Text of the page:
Valve adjustment does have an effect on power in that cylinder. If you have not already, you might run a compression test and leak-down test to compare the condition of the cylinders and valves. Compression should read about 150 psi.
 

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Doing some digging I found the 722A and 726A carbs are the same for all intents so doubt that is your issue.

I will add that many of us have found it beneficial to bump the float height to 26.5 or 27 due to the difference in specific gravity of old vs new fuel.
 

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If you have it available a discount store like Harbor Freight has a inline spark checker. It plugs onto your spark plug then plugs into your spark plug wire. It glows when the plug fires , the price is cheaper than throwing tools thru the garage windows in frustration.

Your symptoms mimic a non advancing spark or a plugged emulsifier tube in the carb. I also have run into rusted and plugged mufflers very rarely. . Also check your air filters you might have a mouse nest in one. The left side is a pain to check on stock bikes so it might not have ever been checked.
 

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Discussion Starter · #14 ·
UPDATE: I just tested voltage at the battery terminals and found that over the span of a few weeks, I drained the brand new battery down to 11 volts. On my ride home from class tonight, I noticed that the headlight was pulsing and the blinkers were dimmer than normal and blinked noticeably slower. This leads me to believe that the regulator and/or rectifier needs replacing. I was wondering if the combo units from common motor are to be trusted, or if I should avoid their products as much as I avoid their tech advice. I trimmed the spark plug wires to no avail, and tried switching the spark plugs, which yielded the same result. I am still waiting on a decent feeler gauge to check the points and valves, and have been asking around to borrow a timing light or a compression tester. Thank you all for the factory specs.
 

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Just a thought....Make sure your coils are well grounded. Sometimes running a wire from the coils to the negative battery post can fix a bad ground. See if there is sparking at the points when running. There should not be any sparking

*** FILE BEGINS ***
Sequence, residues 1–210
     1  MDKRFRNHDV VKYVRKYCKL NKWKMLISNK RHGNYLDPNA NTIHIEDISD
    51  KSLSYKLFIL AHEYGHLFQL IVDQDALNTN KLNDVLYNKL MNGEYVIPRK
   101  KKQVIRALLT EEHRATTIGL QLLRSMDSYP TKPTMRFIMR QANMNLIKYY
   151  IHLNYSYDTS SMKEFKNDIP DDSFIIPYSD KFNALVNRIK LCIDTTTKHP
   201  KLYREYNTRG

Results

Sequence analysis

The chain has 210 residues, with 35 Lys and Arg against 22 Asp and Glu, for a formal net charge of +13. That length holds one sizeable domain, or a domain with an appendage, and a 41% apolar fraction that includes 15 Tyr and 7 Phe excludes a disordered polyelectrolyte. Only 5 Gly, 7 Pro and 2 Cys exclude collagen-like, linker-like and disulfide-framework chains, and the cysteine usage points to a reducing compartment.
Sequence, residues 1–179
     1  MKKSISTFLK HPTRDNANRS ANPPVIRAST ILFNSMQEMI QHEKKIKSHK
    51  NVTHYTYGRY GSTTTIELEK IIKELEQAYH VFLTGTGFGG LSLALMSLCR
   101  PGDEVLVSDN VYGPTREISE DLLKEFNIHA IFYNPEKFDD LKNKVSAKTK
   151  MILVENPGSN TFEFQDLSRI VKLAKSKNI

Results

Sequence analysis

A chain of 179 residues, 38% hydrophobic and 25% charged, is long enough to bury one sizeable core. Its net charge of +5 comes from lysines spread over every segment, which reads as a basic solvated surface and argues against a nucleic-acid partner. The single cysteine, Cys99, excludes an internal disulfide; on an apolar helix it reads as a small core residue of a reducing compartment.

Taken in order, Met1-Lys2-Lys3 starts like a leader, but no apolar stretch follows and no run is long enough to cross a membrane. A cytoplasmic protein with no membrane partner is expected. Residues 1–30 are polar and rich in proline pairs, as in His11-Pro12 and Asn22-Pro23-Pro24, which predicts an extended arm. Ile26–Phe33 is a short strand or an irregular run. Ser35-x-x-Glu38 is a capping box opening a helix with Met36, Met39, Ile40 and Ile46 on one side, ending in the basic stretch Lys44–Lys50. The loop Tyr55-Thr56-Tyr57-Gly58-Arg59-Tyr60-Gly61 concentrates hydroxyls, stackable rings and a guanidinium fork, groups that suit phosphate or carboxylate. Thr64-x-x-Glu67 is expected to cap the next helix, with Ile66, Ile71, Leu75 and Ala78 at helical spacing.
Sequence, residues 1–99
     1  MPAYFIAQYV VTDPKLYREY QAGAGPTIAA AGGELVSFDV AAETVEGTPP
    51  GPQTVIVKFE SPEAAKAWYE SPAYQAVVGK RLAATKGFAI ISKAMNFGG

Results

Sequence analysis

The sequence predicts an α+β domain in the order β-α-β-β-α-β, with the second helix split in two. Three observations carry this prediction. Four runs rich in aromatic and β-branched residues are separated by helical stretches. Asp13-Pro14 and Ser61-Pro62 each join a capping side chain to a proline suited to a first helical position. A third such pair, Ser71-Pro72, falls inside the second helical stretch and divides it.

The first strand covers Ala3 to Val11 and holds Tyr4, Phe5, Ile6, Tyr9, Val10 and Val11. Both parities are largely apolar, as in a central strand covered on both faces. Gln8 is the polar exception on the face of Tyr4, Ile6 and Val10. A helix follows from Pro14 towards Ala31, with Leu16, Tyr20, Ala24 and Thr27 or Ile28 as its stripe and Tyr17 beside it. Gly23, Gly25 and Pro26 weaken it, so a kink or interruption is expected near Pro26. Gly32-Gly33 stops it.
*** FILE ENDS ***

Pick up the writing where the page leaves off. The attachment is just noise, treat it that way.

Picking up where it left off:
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If its not charging will run lousy i used RICKS regulator rectifer was better right away ...stators and rotors go bad as well you have to be charging solid for those early points bikes to run well thats what its sounding like charging issue hang in there keep plugging.....
 

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Discussion Starter · #19 ·
Update: after installing a new regulator/rectifier, fully synching both carbs, lubing up the spark advancer, and fixing the static timing, all to no avail, I finally went and bought an in-line spark indicator, which narowed it down quite a bit. The spark clearly stumbled after 3k and stopped completely at about 3100. I am now certain that it's an ignition system issue, not a fuel issue. While I've definitely made progress, I am still unsure what else might be causing this. Maybe the coils? Thank you to everyone who has participated in this thread, and any further advice is more than welcome.
 

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switch the condenser wires and se if the spark drops on the other cylinder. Check your point gap, and feel if the points both have equal pressure from their spring when fully closed. While running spray the coils with soapy water to see if you have a cracked or defective coil (don't use contact cleaner like I did with a gold wing once and had everything on fire from a cracked coil) You are closing in and will have a really tip top shape bike when you solve whatever the problem is.......keep all the old parts for spares.